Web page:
With over 45 volunteers from CCA and local community groups combined, we helped with:
Building a community meeting space for Towamba with an electric BBQ and aluminium seating.
Installing a shade sail to cover the kids playground and a basketball hoop.
Planting 200 new trees and plants along the Kiah riverbank.
Clearing old fencing to protect local wildlife.
Building, restoring and repairing eleven properties in total that were damaged by the bushfires.
COVID-19 case numbers had eased by October, however, social distancing requirements were still in force and this limited our end-of-program community events to a maximum of 100 people. Nevertheless, with the support of local organisations such as Rotary and Lions, we were able to hold small gatherings for community members and volunteers at Towamba and Wonboyn. These gatherings are an important opportunity for volunteers and locals to engage, connect and strengthen their spirits.
2021 and beyond
Our focus for 2021 and beyond is to commit our resources to bushfire support and resilience for rural and regional communities in NSW.
We want to maintain connections with existing communities and reach out to many more in the coming years and look forward to sharing our projects with all of you.
We’re also excited that our ‘Schools Walking Together’ program will be able to continue this year. This means exchanging valuable educational and cultural experiences for urban students and those living in rural NSW.
We will continue our support for drought affected communities in Queensland also, recommencing a program in Yaraka, a community south of Longreach in Western Queensland that is still suffering from a decade long drought.
2020 forced us to stop, rethink and reset our activities and plans, but that brought new opportunities. We are grateful to have the support of our volunteers, government and local organisations to give the Bega Valley community bushfire relief and look forward to more projects where we can help rebuild.
Connecting Communities Australia is currently 100% volunteer driven. Like all charities, we need the support of your donations to continue our important work.
Can’t make a donation right now? You can help in other ways!
Saturday 5th September is International Day of Charity and it’s a day about celebrating all the great work that charities and nonprofits do for communities around the country and around the globe.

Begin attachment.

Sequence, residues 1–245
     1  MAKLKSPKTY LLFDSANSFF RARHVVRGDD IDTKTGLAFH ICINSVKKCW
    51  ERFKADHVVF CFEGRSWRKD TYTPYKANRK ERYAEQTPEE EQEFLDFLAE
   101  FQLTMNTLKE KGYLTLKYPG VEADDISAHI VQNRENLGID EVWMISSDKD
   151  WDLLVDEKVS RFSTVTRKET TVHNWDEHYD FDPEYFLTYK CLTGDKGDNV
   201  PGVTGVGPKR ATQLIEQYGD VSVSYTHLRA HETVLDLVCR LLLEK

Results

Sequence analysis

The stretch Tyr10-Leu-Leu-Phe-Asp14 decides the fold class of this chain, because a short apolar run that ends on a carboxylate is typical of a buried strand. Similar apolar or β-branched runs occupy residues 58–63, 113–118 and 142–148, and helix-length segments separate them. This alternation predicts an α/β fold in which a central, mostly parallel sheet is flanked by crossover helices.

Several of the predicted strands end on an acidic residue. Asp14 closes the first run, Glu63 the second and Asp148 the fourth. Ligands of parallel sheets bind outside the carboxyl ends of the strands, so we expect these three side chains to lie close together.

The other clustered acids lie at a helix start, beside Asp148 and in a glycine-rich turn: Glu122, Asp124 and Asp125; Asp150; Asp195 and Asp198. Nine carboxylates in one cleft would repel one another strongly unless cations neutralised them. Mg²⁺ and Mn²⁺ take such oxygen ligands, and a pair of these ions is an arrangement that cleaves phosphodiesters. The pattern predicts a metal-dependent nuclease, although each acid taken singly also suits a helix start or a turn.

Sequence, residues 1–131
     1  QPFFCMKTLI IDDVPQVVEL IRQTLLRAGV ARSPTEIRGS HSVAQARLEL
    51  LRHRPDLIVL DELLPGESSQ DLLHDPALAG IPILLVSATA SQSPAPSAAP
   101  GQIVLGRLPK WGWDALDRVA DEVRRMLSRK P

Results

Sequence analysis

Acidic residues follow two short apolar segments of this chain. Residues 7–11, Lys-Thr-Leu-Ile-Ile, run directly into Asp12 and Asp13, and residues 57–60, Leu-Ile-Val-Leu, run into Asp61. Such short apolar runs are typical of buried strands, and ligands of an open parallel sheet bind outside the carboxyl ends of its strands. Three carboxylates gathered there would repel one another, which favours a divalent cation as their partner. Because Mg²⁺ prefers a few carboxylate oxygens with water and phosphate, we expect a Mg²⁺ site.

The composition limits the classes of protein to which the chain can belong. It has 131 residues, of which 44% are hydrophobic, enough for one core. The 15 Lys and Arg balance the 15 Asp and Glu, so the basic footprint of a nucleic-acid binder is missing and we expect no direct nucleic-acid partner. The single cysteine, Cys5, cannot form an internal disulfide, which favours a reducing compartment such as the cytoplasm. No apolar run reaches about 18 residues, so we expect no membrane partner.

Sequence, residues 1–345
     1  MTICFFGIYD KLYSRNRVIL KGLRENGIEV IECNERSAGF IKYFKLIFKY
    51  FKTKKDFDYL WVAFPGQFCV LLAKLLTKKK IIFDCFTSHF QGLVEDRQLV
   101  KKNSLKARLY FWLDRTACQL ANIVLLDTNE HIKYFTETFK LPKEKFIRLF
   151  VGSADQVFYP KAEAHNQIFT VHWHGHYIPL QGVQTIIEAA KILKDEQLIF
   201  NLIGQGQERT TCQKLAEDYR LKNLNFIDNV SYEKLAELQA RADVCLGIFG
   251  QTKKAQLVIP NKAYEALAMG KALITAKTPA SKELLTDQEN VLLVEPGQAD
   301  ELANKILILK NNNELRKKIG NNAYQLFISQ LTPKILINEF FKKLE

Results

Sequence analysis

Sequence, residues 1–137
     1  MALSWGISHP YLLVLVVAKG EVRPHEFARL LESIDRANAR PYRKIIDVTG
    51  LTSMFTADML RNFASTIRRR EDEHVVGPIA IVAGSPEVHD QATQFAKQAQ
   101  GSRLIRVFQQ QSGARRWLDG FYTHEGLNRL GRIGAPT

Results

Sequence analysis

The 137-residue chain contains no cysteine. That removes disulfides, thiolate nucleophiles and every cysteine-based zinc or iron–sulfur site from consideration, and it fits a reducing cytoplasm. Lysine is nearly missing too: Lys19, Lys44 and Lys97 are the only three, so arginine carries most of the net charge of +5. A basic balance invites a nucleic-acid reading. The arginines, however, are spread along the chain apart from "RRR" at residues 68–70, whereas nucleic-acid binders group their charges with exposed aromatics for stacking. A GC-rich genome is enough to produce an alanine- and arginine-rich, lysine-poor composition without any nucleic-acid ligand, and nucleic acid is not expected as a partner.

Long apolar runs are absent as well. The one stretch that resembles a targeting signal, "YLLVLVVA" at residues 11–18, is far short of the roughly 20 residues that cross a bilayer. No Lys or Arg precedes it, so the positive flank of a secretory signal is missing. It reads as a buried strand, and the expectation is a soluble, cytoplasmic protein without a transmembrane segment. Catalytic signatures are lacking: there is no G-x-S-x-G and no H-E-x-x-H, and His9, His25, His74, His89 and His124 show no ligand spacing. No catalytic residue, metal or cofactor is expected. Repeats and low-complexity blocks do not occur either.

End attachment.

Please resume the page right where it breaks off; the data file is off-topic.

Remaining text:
The world would look like a very different place without all the support of charities and nonprofits, and importantly, the people that commit their money, time and energy to assist. In Australia, charities and nonprofits harness the skills of around 3.7 million volunteers and provide employment to over a million people. With limited resources, non-profits usually run operations with tighter budgets and more constraints. They rely mainly on donations, grants and sponsorship and play an important role, responding to the needs of the community that aren’t addressed by mainstream services or systems.
Here at Connecting Communities Australia, our aim is to deliver needs-based support programs for rural, remote and Indigenous communities by providing professional field service teams, including volunteers, to repair and maintain essentials to rural communities.
Our programs aim to support community wellbeing, whilst delivering sustainable respite from the changing climate.
With the devastating bushfires that occurred in 2019 and 2020, so many people living in rural areas have been affected. Many have lost their livelihoods, their homes and some have even lost their loved ones. These communities have seen vital services and infrastructure destroyed with basic needs like water and sanitation facilities interrupted.
Connecting Communities Australia has visited a number of towns in rural Queensland and New South Wales, including Julia Creek, Kingaroy, Cloncurry, Nymagee, Goodooga and Bega Valley.
We spend time identifying the needs of farmers and the community, source skilled volunteers and partner with organisations to deliver programs that help rebuild, repair and reconnect the community.